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Geoscientific Model Development An interactive open-access journal of the European Geosciences Union
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Preprints
https://doi.org/10.5194/gmd-2019-261
© Author(s) 2020. This work is distributed under
the Creative Commons Attribution 4.0 License.
https://doi.org/10.5194/gmd-2019-261
© Author(s) 2020. This work is distributed under
the Creative Commons Attribution 4.0 License.

Submitted as: model evaluation paper 08 Jan 2020

Submitted as: model evaluation paper | 08 Jan 2020

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A revised version of this preprint was accepted for the journal GMD and is expected to appear here in due course.

Quantitative assessment of fire and vegetation properties in historical simulations with fire-enabled vegetation models from the Fire Model Intercomparison Project

Stijn Hantson1,2, Douglas I. Kelley3, Almut Arneth1, Sandy P. Harrison4, Sally Archibald5, Dominique Bachelet6, Matthew Forrest7, Thomas Hickler7,8, Gitta Lasslop7, Fang Li9, Stephane Mangeon10,a, Joe R. Melton11, Lars Nieradzik12, Sam S. Rabin1, I. Colin Prentice13, Tim Sheehan6, Stephen Sitch14, Lina Teckentrup15,16, Apostolos Voulgarakis10, and Chao Yue17 Stijn Hantson et al.
  • 1Karlsruhe Institute of Technology, Institute of Meteorology and Climate research, Atmospheric Environmental Research, Garmisch‐Partenkirchen, Germany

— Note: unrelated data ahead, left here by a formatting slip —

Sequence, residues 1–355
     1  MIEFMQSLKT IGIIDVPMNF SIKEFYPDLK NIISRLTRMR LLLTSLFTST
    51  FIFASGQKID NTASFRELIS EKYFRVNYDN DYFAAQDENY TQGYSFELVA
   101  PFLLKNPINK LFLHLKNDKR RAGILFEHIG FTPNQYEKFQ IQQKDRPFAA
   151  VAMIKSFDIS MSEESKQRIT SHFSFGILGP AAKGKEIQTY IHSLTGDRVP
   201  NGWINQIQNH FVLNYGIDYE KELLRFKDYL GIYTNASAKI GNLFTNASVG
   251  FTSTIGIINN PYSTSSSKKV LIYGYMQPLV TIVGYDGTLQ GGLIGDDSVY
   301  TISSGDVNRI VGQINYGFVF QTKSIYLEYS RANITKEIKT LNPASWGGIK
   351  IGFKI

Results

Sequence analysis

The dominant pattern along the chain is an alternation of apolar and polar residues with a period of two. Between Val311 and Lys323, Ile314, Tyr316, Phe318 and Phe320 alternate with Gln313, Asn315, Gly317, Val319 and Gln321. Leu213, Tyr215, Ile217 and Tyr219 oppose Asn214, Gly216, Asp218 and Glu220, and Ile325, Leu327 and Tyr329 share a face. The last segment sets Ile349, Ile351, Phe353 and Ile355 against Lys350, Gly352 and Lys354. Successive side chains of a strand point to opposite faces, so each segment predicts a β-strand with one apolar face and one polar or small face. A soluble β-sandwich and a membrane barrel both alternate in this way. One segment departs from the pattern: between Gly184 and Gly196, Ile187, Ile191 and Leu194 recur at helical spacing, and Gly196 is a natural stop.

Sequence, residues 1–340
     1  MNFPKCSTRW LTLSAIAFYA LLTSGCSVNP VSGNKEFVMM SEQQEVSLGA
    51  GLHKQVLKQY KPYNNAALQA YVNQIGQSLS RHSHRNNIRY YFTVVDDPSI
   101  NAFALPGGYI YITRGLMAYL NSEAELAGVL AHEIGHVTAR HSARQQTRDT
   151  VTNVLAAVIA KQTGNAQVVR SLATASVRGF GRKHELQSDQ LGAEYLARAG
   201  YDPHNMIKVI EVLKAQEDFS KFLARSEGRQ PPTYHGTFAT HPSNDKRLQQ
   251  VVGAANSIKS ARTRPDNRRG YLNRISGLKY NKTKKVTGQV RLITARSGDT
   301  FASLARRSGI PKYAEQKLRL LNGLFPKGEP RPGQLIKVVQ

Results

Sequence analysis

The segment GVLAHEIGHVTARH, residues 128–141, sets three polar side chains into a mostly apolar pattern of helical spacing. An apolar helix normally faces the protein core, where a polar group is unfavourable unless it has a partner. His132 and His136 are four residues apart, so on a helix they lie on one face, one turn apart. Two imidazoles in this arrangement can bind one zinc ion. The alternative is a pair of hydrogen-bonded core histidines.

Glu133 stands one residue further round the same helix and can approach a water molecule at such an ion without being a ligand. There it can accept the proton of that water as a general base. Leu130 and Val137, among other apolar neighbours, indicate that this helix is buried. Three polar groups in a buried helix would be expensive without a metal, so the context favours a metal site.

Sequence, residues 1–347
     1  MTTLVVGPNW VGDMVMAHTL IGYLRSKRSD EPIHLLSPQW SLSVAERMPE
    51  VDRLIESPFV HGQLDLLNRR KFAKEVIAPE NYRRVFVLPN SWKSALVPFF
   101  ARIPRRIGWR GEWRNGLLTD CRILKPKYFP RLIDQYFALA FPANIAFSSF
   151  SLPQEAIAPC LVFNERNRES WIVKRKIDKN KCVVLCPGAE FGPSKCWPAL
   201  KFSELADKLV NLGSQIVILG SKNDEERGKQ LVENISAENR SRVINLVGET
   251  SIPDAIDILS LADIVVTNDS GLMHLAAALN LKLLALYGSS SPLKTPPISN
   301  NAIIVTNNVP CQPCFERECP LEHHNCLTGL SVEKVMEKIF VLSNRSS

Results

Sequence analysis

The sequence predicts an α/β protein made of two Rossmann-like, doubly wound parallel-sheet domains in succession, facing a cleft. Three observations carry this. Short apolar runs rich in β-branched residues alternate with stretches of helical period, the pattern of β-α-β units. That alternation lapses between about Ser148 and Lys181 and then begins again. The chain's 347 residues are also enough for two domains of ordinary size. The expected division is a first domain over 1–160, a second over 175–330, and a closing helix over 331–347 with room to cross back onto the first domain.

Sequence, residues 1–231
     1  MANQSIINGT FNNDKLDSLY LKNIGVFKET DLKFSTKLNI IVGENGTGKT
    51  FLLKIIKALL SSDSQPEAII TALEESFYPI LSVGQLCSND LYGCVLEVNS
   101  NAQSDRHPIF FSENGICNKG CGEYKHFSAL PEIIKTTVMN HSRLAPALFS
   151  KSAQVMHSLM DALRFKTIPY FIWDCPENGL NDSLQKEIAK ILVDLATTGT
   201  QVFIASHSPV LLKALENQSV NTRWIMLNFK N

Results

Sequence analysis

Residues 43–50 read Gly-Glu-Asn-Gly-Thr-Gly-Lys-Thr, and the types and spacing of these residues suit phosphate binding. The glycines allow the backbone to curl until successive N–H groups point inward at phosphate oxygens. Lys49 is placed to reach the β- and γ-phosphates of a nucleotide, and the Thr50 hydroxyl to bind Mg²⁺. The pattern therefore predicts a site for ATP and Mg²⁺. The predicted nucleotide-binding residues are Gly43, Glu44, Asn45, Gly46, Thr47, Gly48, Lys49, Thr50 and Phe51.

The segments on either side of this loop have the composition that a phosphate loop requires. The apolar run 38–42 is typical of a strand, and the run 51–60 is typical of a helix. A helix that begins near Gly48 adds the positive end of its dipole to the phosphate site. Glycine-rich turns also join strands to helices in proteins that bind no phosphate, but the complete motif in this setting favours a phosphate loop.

• 2Geospatial Data Solutions Center, University of California Irvine, CA 92697 Irvine, USA
  • 3Centre for Ecology and Hydrology, Wallingford OX10 8BB, UK
  • 4School of Archaeology, Geography and Environmental Sciences, University of Reading, Reading, UK
  • 5Centre for African Ecology, School of Animal, Plant and Environmental Sciences, University of the Witwatersrand, Private Bag X3, WITS, Johannesburg, 2050, South Africa
  • 6Biological and Ecological Engineering, Oregon State University, Corvallis, OR 97331, USA
  • 7Senckenberg Biodiversity and Climate Research Institute (BiK-F), Senckenberganlage 25, 60325 Frankfurt am Main, Germany
  • 8Institute of Physical Geography, Goethe-University, Altenhöferallee 1, 60438 Frankfurt am Main, Germany
  • 9International Center for Climate and Environmental Sciences, Institute of Atmospheric Physics, Chinese Academy of Sciences, Beijing, China
  • 10Department of Physics, Imperial College London, London, UK
  • 11Climate Research Division, Environment and Climate Change Canada, Victoria, BC V8W 2Y2, Canada
  • 12Institute for Physical Geography and Ecosystem Sciences, Lund University, 22362 Lund, Sweden
  • 13AXA Chair of Biosphere and Climate Impacts, Grand Challenges in Ecosystem and the Environment, Department of Life Sciences and Grantham Institute – Climate Change and the Environment, Imperial College London, Silwood Park Campus, Buckhurst Road, Ascot SL5 7PY, UK
  • 14College of Life and Environmental Sciences, University of Exeter, Exeter EX4 4RJ, UK
  • 15ARC Centre of Excellence for Climate Extremes, University of New South Wales, Sydney, NSW, Australia
  • 16Climate Change Research Center, University of New South Wales, Sydney, NSW 2052, Australia